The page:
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After CEO sheds stake for $40M, how much is Douglas Elliman worth?
Douglas Elliman CEO Dottie Herman is letting go of her stake in the brokerage, which has taken a hit in recent months due a slowdown in the national housing market. Herman, who bought the firm 15 years ago with its current chairman Howard Lorber, will get a total of $40 million for her stake from Elliman’s parent company Vector Group. If that sum is a fair price, back-of-the-envelope math puts Elliman’s valuation at $136 million, a figure that Lorber disputed in an interview with TRD. “I’m not going to get into formulas,” he said. “But she was the seller, I was the buyer. As a buyer, you always want an aggressive price. She didn’t have to sell.” As for Herman, she told TRD that the decision to sell her stake in a place she loves was the “hardest” of her life. “It was just time to get some of my money out,” she said. “Now I can just have a little more security.” [TRD]

National Association of Realtors plans to renovate part of Chicago headquarters
The lower level of the National Association of Realtors’ headquarters in Chicago is getting an upgrade. NAR, which in November secured a permit for a $45 million expansion of its building at 430 North Michigan Avenue, plans to renovate its existing fitness and office space, city records show. The nonprofit trade association already said it planned to construct two stories on top of the building’s existing 12 stories and install new elevators and a new lobby. Annual dues for NAR went up by 25 percent last spring, from $120 to $150. Its building is across the street from the Tribune Tower, which is also undergoing redevelopment. [TRD]

Facebook moving into more office space in Los Angeles
Facebook has signed a lease for 260,000 square feet of office space at a Tishman Speyer-owned Brickyard office campus in the Playa Vista neighborhood on Los Angeles’ westside, the Commercial Observer reported. The social media giant, which already has 50,000 square feet of space at the Brickyard, will move into its new space within the next few months, according to the outlet. Facebook’s neighbors at the Brickyard include Loyola Marymount University’s School of Film and Television. Playa Vista itself is also home to tech companies like Google’s YouTube and Verizon’s Yahoo. [TRD]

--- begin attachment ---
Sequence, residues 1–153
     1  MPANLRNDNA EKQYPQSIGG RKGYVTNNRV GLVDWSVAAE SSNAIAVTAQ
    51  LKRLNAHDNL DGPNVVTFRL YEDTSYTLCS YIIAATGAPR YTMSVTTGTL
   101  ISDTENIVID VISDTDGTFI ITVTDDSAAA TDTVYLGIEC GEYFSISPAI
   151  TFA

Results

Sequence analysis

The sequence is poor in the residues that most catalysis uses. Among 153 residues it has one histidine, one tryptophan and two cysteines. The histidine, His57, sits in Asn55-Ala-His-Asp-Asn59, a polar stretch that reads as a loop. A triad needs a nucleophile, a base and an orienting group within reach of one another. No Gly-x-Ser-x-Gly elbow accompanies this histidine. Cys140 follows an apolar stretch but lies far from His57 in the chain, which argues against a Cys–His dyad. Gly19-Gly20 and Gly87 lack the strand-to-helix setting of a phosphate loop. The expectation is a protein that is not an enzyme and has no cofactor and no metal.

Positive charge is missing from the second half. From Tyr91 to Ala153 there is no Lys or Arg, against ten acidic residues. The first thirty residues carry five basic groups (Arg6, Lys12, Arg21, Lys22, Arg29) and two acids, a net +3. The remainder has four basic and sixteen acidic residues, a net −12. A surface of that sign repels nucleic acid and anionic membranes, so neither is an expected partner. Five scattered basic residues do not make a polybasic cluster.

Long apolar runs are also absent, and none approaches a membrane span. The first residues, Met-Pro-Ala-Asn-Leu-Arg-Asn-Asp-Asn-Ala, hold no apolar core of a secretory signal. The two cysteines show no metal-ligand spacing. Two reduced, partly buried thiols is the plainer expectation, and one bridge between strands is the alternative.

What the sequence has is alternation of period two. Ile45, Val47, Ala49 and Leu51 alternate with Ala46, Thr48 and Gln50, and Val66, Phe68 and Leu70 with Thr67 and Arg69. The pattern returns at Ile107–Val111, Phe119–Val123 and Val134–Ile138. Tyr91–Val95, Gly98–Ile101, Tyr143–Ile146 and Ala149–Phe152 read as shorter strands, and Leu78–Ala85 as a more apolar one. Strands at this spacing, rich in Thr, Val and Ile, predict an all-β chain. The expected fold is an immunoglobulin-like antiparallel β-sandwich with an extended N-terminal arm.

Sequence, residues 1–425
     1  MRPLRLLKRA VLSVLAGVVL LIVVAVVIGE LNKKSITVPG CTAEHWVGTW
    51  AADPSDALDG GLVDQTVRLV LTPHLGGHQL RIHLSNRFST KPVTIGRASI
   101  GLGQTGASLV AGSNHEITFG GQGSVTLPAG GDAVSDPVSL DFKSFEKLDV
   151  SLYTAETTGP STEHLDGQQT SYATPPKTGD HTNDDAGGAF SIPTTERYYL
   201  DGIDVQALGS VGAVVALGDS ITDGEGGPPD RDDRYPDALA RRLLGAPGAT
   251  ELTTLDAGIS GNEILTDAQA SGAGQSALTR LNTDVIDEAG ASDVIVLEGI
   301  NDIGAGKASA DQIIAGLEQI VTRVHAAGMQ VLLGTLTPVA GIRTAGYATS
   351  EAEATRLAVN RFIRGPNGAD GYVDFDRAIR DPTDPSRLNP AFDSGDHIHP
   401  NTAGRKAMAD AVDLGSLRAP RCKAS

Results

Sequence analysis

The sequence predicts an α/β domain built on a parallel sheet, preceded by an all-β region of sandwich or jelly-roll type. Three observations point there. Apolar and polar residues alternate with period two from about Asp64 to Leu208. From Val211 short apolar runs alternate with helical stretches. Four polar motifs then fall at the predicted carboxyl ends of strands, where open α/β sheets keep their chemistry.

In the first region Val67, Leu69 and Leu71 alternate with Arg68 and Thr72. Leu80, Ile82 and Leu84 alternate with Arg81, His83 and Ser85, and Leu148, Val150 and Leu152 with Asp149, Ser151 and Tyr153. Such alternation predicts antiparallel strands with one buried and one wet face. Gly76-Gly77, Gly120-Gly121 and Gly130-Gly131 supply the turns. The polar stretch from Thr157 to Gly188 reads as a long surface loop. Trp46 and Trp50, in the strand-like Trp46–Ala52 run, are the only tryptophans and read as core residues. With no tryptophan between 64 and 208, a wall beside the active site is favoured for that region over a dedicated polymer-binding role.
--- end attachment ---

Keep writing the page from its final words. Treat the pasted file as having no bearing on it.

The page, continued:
Brookfield shells out $218M for South Florida’s largest hotel sale last year
A golf course in Palm Beach Gardens has been acquired by Brookfield Asset Management. Affiliates of Walton Street Capital sold the PGA National Resort & Spa to a unit of the global asset manager for nearly $218 million — the largest South Florida hotel sale in 2018. Toronto-based Brookfield used a loan from the Royal Bank of Canada to finance its purchase of the resort, which hosts the Honda Classic Golf Tournament. News of the deal first emerged late last year. The resort has 339 hotel rooms, five 18-hole golf courses, 42,000 square feet of meeting space and a 40,000-square-foot spa. [TRD]

Private equity firm moved to evict hundreds of Memphis-area tenants in 2018
A property management company owned by buyout giant Cerberus Capital Management tried to evict more than 400 tenants in the Memphis area last year — a 50 percent increase from 2017, the Washington Post reported. FirstKey Homes, a portfolio company of New York-based Cerberus, is the largest single-family home owner in the city, according to the newspaper. FirstKey was also hit with nearly 200 property code violations between Jan. 1 and Oct. 31 of 2018 — more than any other landlord in most parts of Memphis, the WaPo reported. Robert Knecht, director of public works in Memphis, claims that FirstKey is “just [there] to lease their properties without consequence.” [TRD]

WeWork expands its Virginia presence with 83,000-square-foot lease
Co-working giant WeWork has secured an 83,000-square-foot lease at a tower in Rosslyn, North Virginia, Washington’s Top News reported. The SoftBank Group-backed behemoth already has offices elsewhere in Washington, D.C., and Northern Virginia, including Tysons Corner and Arlington’s Crystal City — where Amazon is setting up one of its new headquarters. The lease includes four floors at developer JBG Smith’s CEB Tower. [TRD]